Poor Dick! He was scheduled to meet me in Paris on Friday morning. But between mechanical failures, bad weather and careless airline processes, he didn’t arrive until Saturday afternoon, a full 33 hours late.
As I listened to him fume about his daily travel delays at a dollar a minute, I didn’t dare tell him of the fabulous time I was having while he was waiting in the terminal for hours on end, eating bad airport food and struggling to rebook his flight. I kept my guilty pleasures to myself.
When he called me to tell me his overseas flight was cancelled, he didn’t need to know I having a culinary high at Neva Cuisine. Or that while he was checking in at the airport hotel Michelle and I were riding Velib bikes around the city. Nor that I was in Nirvana at the Buddha Bar when he called to say he’d missed his connection and they couldn’t book him a flight until the next day.
But he kept pushing until he found someone competent enough to get him a flight that night, albeit with a stop at Heathrow, his third stop in a one stop flight. When he finally arrived at Charles de Gaulle he was tired, angry and wondering how unlucky he could be. The count: one cancelled flight due to mechanical problems, one wind storm in Chicago, one missing maintenance log and two instances of the gateway not being ready when the plane arrived. But all that mattered to me is that I could finally hug my sweetie.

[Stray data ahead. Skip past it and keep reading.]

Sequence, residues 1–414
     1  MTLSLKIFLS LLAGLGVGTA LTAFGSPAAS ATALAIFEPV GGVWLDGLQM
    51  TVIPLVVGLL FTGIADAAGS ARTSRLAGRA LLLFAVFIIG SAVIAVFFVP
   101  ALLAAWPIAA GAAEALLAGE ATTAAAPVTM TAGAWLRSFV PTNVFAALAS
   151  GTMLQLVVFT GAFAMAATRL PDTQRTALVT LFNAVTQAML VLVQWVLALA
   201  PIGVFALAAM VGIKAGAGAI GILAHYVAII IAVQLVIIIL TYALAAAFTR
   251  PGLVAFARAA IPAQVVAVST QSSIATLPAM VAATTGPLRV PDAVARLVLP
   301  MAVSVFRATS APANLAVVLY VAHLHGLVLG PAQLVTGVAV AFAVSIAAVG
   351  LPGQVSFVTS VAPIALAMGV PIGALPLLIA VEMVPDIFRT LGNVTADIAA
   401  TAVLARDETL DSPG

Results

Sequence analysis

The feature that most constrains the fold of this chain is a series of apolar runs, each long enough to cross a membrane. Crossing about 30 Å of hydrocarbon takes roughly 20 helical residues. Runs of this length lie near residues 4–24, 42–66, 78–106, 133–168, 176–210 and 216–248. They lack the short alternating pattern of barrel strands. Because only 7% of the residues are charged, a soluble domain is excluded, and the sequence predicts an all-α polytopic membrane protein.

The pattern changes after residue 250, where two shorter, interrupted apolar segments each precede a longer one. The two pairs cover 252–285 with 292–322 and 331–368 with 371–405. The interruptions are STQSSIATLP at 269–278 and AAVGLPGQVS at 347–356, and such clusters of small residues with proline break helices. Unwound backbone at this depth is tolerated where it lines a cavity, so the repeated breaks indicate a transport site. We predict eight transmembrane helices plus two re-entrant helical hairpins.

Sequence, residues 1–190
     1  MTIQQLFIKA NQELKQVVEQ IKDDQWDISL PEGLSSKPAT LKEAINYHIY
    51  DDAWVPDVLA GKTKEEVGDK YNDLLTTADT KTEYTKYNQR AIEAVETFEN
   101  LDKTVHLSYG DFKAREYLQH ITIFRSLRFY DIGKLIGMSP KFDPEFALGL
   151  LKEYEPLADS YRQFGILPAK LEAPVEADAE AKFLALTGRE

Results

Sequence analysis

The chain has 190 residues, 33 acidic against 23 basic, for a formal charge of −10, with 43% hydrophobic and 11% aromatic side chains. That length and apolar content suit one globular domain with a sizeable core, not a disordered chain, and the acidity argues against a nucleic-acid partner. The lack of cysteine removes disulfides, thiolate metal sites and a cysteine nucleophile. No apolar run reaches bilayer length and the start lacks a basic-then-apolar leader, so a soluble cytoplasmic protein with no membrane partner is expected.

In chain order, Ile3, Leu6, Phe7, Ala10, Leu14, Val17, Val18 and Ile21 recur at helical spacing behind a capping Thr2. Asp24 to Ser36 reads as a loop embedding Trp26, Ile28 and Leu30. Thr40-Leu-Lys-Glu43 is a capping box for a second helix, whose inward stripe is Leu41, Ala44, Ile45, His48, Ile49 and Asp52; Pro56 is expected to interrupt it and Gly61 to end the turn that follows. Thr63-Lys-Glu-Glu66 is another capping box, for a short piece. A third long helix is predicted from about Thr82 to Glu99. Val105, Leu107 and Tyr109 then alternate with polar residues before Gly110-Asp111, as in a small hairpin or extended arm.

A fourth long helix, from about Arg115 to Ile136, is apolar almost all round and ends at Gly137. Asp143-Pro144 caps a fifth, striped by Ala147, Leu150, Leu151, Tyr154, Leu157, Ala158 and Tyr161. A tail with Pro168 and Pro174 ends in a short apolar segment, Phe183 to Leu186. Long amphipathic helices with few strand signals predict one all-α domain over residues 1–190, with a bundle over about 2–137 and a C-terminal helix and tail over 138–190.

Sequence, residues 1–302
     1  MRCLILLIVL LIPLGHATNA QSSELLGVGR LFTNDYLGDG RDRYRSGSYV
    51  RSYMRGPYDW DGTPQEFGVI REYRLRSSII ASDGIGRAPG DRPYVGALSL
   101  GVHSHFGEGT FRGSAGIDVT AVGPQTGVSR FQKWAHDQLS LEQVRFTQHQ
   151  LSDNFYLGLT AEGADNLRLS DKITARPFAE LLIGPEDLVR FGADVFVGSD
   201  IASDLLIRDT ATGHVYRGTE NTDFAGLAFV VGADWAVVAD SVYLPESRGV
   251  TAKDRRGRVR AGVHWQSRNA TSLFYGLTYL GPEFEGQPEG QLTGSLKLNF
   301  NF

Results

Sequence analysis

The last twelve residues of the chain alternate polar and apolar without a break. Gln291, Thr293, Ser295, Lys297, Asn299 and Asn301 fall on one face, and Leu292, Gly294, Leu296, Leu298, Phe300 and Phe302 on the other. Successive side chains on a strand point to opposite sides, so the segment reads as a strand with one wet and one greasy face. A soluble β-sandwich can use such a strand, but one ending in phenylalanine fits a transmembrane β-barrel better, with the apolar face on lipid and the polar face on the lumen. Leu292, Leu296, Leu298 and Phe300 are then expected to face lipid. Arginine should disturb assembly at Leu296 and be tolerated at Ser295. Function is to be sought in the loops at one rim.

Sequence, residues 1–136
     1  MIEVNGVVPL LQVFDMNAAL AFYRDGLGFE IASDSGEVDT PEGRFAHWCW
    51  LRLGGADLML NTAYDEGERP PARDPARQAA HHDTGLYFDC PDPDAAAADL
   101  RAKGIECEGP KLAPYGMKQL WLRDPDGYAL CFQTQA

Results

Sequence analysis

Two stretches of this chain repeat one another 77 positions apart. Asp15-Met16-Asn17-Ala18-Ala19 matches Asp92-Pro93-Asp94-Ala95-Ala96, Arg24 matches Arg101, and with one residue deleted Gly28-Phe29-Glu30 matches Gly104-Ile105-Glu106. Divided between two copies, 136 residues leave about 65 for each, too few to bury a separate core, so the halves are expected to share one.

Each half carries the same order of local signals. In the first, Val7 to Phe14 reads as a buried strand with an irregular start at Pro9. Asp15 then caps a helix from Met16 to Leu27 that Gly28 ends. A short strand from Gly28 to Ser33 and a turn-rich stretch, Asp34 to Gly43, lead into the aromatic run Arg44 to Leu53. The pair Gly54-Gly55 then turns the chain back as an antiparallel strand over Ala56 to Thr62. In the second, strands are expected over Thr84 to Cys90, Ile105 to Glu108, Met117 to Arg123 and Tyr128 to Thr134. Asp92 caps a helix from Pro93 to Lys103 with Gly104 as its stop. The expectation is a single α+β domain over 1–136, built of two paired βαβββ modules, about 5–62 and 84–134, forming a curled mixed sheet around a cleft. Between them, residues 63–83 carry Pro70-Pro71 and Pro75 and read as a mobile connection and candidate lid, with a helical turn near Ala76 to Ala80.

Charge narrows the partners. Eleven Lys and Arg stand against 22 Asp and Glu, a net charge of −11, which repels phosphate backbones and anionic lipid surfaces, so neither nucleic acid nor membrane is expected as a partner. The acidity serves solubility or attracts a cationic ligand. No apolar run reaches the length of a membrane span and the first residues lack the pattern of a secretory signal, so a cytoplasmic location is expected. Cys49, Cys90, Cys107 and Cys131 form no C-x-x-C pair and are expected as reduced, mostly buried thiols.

What’s the longest you’ve ever been delayed on a flight?
After two full days of meetings and two full nights of social activities, our annual sales kickoff was over! Now my co-workers and I could explore Paris at our own pace. Stéphane, our customer support manager, knew just the place for a “gastonomic” dinner: Neva Cuisine. The chef at Neva was trained by Stéphane’s brother-in-law, who in turn trained Stéphane’s wife Sofie. With such connections we got the best table in the house, the same table that Metallica shared just last week. Maybe that’s what inspired Yannick to cut loose un peau.
The dinner was indeed a gastronomic experience of carefully chosen ingredients, prepared carefully for maximum flavor. The was no ordinary dinner of foie gras and roast duck. The foie gras, embellished with gold flecks in the aspic top, melted smoothly across my tongue, and the Colvert Rôti was roasted to perfection.
But the pièce de résistance was la sphère déstructurée chocolat, an ice cream filled chocolate sphere glazed with silver and doused with hot chocolate sauce at the table. Magnifique!
After dinner we walked up to the 18th arrondissement passing the famous Moulin Rouge in search of a dance club. We considered and rejected more than one, then switched our search to finding a taxi, which proved just as difficult. We almost rented Velib bikes, but they didn’t take our chipless American credit cards. In the end, half of us caught a taxi and the others simply took a long walk back to the hotel.